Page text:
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National Center for Biotechnology Information (US). Genes and Disease [Internet]. Bethesda (MD): National Center for Biotechnology Information (US); 1998-.

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Alpha-1-antitrypsin deficiency

Last Update: January 31, 2011.

Alpha-1-antitrypsin (AAT) is a protein that protects the body from damage by its immune cells. Deficiency of this protein leaves the lung, and occasionally the liver, vulnerable to injury.

The lung contains many tiny air sacs called alveoli. Oxygen travels across their walls into the bloodstream.

Lung alveoli. In AAT deficiency, the walls of the lung tissue (alveoli) are broken down.

Lung alveoli

In AAT deficiency, the walls of the lung tissue (alveoli) are broken down. The result is a trapping of air known as emphysema. The damaged lung tissue can no longer transfer oxygen to the bloodstream.

White blood cells release elastase, a powerful enzyme that can fight infections. But it can also attack normal tissues. If uncontrolled elastase is released around alveoli, it would destroy their walls and surrounding tissue, leaving areas of trapped air. This abnormal accumulation of air in the lungs is called emphysema and causes shortness of breath.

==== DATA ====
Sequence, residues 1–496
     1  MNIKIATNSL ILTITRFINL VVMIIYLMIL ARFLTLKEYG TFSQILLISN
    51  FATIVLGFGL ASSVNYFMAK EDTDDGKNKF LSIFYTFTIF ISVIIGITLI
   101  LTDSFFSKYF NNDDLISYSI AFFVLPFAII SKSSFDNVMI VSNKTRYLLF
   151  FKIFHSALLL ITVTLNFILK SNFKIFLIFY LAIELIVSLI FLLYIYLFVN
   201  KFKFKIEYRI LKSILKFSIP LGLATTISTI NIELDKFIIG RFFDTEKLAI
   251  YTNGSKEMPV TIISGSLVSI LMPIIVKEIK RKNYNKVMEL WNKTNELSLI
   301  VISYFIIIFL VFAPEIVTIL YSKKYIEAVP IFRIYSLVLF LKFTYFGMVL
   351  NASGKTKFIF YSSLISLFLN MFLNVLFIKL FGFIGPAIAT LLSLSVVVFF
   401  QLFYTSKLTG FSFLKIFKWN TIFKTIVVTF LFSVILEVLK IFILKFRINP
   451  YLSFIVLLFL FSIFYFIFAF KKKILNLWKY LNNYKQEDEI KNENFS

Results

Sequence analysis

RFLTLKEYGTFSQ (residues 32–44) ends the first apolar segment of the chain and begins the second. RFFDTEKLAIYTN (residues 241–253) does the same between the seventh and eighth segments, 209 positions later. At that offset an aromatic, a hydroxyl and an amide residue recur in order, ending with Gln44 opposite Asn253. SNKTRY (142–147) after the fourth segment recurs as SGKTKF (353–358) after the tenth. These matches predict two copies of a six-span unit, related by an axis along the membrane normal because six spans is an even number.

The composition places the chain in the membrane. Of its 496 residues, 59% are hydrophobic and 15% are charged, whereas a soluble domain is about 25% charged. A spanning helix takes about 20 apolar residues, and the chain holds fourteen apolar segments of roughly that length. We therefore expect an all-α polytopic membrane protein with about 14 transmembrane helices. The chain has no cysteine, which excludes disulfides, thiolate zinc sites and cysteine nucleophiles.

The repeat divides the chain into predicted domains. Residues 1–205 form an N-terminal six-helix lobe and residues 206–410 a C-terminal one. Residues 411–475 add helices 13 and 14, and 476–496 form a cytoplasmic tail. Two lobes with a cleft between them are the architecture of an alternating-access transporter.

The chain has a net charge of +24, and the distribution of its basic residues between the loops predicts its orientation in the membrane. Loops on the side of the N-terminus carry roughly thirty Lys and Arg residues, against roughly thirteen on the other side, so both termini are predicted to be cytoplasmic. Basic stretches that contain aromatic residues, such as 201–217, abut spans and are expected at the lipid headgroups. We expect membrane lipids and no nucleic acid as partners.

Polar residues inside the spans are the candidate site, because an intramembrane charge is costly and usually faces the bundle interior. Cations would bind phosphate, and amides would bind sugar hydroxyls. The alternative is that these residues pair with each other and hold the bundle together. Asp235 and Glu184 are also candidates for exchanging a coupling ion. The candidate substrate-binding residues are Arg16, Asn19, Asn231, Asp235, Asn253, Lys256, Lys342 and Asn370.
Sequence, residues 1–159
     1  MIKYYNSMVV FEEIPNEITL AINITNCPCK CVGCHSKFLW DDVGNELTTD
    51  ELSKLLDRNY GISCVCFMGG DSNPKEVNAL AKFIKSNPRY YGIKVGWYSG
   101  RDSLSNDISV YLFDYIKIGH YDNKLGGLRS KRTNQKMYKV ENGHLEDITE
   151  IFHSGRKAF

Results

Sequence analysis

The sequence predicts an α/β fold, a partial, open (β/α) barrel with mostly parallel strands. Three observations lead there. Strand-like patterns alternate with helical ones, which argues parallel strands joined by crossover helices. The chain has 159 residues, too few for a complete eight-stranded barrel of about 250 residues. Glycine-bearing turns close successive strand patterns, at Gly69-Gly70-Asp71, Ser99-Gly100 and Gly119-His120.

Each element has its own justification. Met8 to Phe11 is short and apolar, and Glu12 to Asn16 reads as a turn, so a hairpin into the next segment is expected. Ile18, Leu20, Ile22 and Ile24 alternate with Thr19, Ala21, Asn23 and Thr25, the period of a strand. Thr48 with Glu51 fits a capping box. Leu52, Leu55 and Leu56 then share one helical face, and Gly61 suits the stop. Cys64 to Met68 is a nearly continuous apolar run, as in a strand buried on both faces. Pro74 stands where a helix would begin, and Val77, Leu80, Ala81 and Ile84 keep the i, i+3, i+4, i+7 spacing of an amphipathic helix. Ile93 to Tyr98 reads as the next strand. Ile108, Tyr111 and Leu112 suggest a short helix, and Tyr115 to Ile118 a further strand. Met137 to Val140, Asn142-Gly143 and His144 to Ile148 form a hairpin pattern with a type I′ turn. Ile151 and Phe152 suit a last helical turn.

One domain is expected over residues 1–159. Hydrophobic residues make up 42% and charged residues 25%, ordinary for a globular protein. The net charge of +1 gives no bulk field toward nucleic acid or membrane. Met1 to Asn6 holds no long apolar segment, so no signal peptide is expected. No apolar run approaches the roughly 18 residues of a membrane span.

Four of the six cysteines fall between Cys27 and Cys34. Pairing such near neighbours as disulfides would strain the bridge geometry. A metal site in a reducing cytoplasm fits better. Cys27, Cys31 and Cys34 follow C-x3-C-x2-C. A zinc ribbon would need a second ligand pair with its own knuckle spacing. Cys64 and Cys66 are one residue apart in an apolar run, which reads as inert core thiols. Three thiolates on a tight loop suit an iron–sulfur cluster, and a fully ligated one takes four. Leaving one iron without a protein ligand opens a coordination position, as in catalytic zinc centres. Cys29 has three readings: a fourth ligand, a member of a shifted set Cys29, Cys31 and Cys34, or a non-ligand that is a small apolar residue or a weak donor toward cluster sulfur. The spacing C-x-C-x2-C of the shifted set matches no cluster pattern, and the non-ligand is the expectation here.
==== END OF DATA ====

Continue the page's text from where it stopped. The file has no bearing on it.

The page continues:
AAT inhibits elastase around normal tissue. Deficiency is caused by mutations in the SERPINA1 gene, located on chromosome 14. This gene has many different versions (alleles) that produce different amounts of AAT. The M allele produces normal levels of the AAT protein, the S allele produces moderately low levels, and the Z allele produces very low levels.

The alleles are expressed in a codominant manner — that means that a person with MZ has levels of AAT that are between the levels of those people who have alleles MM or ZZ.

Individuals who have at least one normal allele (MZ or MS) or two copies of S (SS) usually produce enough AAT to protect the lungs but do have an increased risk of lung disease. The risk is particularly high if they smoke. Individuals who inherit the Z allele from each parent (ZZ) have very low AAT and are at a higher risk of developing emphysema and liver disease.

There are over 70 known mutations that occur at the SERPINA1 gene. A common mutation that creates the Z allele involves a switch in amino acids — glutamic acid is replaced by lysine at position 342 (Glu342Lys). The resulting AAT protein cannot fold properly. This hinders its secretion from the liver (which makes AAT) into the bloodstream (which transports AAT to the lungs). The accumulation of AAT complexes can damage the liver, whereas the lack of AAT fails to stop the destruction of lung tissue.

Treatment of AAT deficiency includes the standard treatment of emphysema (bronchodilators, early use of antibiotics in infections) as well as the more experimental therapies of correcting AAT levels by replacing the protein. Gene therapy to replace the defective SERPINA1 gene with a functional copy is currently being investigated.

However, the most important part of treatment of AAT deficiency is to avoid smoking. Affected individuals are far less likely to develop emphysema if they do not smoke. Not only is smoking a lung irritant, which attracts white blood cells (and therefore neutrophil elastase) to the lungs, it also prevents any AAT that is present in the lungs from working properly.

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